(Captain)    2nd Lt. Louis B. Hardy, Co. D
      (Captain)    Ensign ephrom J. Davidson, Co. A
                        Sergeant Edward Schoeck was appointed Sgt. Major by the Commandant.

      On January 5, 1955 the Second Company participated in the Inaugural of Abraham A. Ribicoff as Governor of Connecticut. In the evening the members were the guests of the First Company at the gala Inaugural Ball in the Hartford Armory.

      At the Annual Reception and Ball held on February 25, 1955 in honor of the Governor an estimated 2,000 people were in attendance coming from all sections of the State. Staff Captain Thomas J. Amatruda, Chief of Staff, acted as toastmaster at a dinner preceding the ball which was highlighted by a presentation to the Command, by Major General Thomas E. Troland, of two ancient military prints of historic interest. One print depicted the Battle of Lexington to which the Company marched in 1775 under its first Commandant, Benedict Arnold. The second print vividly portrays the Battle of Bunker Hill.

      During the early months of 1955 it was decided to renovate and refurbish the Foot Guard Armory. In fact, the entire structure with the exception of the Lounge was redecorated under the direction of Staff Captain Floyd D. Hitt and a volunteer detail of 35 members. The result was so successful that Captain Hitt entertained his "work crew" and their Ladies at an elaborate buffet dinner at his Mount Carmel home on May 22.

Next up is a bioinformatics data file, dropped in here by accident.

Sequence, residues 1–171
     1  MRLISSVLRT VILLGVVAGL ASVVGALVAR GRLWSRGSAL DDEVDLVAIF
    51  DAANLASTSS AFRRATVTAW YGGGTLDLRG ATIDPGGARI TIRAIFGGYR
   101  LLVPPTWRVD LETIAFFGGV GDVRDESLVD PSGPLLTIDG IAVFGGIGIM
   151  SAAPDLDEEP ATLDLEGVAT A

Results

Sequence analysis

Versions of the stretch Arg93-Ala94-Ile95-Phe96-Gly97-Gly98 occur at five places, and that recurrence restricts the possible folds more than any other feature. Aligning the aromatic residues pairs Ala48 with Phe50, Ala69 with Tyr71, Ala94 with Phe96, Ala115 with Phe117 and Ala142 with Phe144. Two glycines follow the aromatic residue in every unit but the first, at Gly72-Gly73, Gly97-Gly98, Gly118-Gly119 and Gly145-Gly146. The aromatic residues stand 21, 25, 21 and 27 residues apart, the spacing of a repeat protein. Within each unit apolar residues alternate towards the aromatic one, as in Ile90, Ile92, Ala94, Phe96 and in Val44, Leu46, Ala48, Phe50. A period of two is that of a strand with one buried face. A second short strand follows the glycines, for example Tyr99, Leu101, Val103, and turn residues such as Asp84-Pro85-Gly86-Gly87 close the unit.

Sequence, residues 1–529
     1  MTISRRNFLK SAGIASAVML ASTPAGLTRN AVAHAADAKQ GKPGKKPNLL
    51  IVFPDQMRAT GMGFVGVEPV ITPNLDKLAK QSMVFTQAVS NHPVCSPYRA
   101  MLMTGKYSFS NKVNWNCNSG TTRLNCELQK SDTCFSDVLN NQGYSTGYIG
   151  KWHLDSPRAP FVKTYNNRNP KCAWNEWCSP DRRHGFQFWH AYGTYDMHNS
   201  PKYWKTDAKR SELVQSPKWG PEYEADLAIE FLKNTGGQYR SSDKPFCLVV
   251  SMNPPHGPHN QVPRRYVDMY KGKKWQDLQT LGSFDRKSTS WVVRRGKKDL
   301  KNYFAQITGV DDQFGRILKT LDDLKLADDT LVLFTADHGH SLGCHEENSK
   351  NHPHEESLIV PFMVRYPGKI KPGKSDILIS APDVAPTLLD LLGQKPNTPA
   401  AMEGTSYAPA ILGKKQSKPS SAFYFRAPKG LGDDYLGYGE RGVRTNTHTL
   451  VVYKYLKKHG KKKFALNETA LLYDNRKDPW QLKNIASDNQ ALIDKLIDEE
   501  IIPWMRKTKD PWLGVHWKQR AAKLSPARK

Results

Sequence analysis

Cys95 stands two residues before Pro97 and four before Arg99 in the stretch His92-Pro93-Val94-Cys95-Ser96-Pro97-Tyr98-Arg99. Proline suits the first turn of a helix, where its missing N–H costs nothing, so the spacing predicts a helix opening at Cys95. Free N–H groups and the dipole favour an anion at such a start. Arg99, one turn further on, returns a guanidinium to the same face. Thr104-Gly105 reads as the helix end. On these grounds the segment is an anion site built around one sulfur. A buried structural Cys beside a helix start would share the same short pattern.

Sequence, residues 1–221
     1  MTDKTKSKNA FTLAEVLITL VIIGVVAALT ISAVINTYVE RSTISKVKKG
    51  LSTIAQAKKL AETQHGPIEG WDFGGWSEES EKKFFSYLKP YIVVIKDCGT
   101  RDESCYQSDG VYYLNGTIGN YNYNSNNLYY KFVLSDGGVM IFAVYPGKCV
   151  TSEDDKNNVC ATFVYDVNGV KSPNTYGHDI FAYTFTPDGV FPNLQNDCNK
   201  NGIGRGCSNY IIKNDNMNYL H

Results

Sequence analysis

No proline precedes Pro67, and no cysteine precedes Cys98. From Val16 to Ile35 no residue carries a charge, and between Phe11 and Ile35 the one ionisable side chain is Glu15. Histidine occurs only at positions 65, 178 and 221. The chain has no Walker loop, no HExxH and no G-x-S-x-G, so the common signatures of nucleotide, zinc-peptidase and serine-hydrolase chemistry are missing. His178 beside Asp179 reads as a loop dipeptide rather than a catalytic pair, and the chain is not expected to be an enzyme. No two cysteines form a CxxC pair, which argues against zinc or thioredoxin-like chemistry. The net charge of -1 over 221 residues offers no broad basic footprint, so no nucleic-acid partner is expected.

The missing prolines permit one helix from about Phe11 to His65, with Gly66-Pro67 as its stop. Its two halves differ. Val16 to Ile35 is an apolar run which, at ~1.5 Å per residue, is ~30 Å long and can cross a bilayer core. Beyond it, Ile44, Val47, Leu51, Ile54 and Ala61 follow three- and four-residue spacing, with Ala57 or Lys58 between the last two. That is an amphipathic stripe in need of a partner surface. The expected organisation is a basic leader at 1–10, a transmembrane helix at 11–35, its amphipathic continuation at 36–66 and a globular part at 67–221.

Powder House Day, April 25, 1955 was ushered in by torrential rains, which lasted throughout the day so it was decided to cancel the parade and outdoor exercises. A fair replica of Center Church was set up in the Main Armory and services conducted there. An Armory exit served as the entrance to City Hall from where the keys were demanded from Mayor Lee. The drill floor was then cleared for a review of the troops and although the proceedings required imagination on the part of the participants the affair was a success. At the banquet held in the Grill Room in the evening. Governor Ribicoff was presented with Honorary Membership in the Command.

      Brigadier General Joseph P. Houley (Ret.) was awarded Honorary Membership at the Charleston Medal Drill held on May 16, 1955.

      The night of August 18-19, 1955 was a night of horror and tragedy. One of the worst disasters in the history of the State struck with malevolent force in the form of floods. The ravages of the waters pouring from swollen streams and rivers caused loss of lives, homes and inestimable damage to cities, villages and countryside alike. The entire National Guard was in the stricken areas for many days performing relief and rescue missions and the Second Company was placed on alert status for any needed reinforcement of the harassed troops.

      In the aftermath it was discovered that two members of the Command had lost their homes, furniture, clothes and even part of the land on which their homes stood. It is noteworthy and a testimonial to the esprit of the membership that each member, other than those affected, contributed promptly and generously toward a relief fund which was added to the contributions from the Treasury, the N.C.O. Association and the proceeds from the Harvest Dance.

      Following the New Year's Day reception in 1956 and the annual reception and Ball on February 24, the Command took part in the St. Patrick's Day Parade on March 17. This parade, revived after some four decades, was held in New Haven. This has been conducted annually and has proven one of the largest and most colorful pageants of recent years.

It has been the custom of many years to gather around the piano following drills and assemblies and harmonize on the popular songs of the day and yesteryear. Sometime in June 1956 the Second Company Barbar Shop Chorale was organized. Led by the Adjutant, Captain Fleming and consisting of some 30 voices, this group was in demand at civic affairs for their musical excellence.